1. Leading a team:  The meaning of leadership involves knowing who you are and what you stand for, being able to delegate wisely, maintaining integrity, and having the ability to listen to and work alongside others. Just because they weren’t taught inside the college classroom doesn’t mean you can’t practice these career-boosting skills. And once you do, you’ll do well in your career—no matter what industry you’ve chosen.


  1. Selling and negotiation: How to sell your ideas and yourself is something not taught in college, but you’ll miss great opportunities if you lack the skills and confidence to put yourself out there. You may get that dream job by selling yourself to a hiring manager. You can get startup investors by selling your vision. You can negotiate a raise by selling yourself to a higher-up.  


  1. You are responsible for your actions and words: Take pride in your work, think out of the box, do the work well and learn from mistakes. The consequences of each action and decision are your responsibility and the sooner we understand that, the more pride we can take in our ownership and individuality.


  1. Finding a fulfilling work: You probably come out of school with at least a vague sense of what career you wanted to pursue, but for all but a small, lucky minority, those ideas quickly smack up against the realities of a tough job market and dull day-to-day reality. The primary step to figuring out what to do next is accepting this sort of quarter-life crisis is entirely normal. Then stop idly pondering what your passion might be, and start asking smarter questions and conducting small experiments. Nobody ever found their dream job by sitting on the couch stressing out!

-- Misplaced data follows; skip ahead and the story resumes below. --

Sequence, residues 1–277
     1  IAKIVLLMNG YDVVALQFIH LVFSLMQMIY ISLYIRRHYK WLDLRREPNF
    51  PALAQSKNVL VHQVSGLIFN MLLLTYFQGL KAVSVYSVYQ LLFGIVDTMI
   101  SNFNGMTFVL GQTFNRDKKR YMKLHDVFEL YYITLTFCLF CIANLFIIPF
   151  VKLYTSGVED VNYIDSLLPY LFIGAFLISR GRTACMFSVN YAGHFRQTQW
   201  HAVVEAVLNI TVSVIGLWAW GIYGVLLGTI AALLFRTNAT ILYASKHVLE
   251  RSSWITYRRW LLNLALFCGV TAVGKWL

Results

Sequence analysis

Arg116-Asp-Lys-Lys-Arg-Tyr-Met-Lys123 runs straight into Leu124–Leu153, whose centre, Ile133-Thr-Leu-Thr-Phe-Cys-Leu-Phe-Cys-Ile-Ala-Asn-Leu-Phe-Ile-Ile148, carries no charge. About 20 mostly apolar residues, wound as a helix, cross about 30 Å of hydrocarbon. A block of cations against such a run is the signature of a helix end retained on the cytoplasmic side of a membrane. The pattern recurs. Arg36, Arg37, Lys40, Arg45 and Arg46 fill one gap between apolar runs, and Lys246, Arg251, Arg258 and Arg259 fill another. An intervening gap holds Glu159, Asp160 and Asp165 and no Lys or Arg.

These skills can help anyone get ahead in practically any field, from running a company to running a startup. Obviously, there are certain skills specific to each field as well – but with the skills that translate across disciplines, are the ones that can be learned by anyone in any position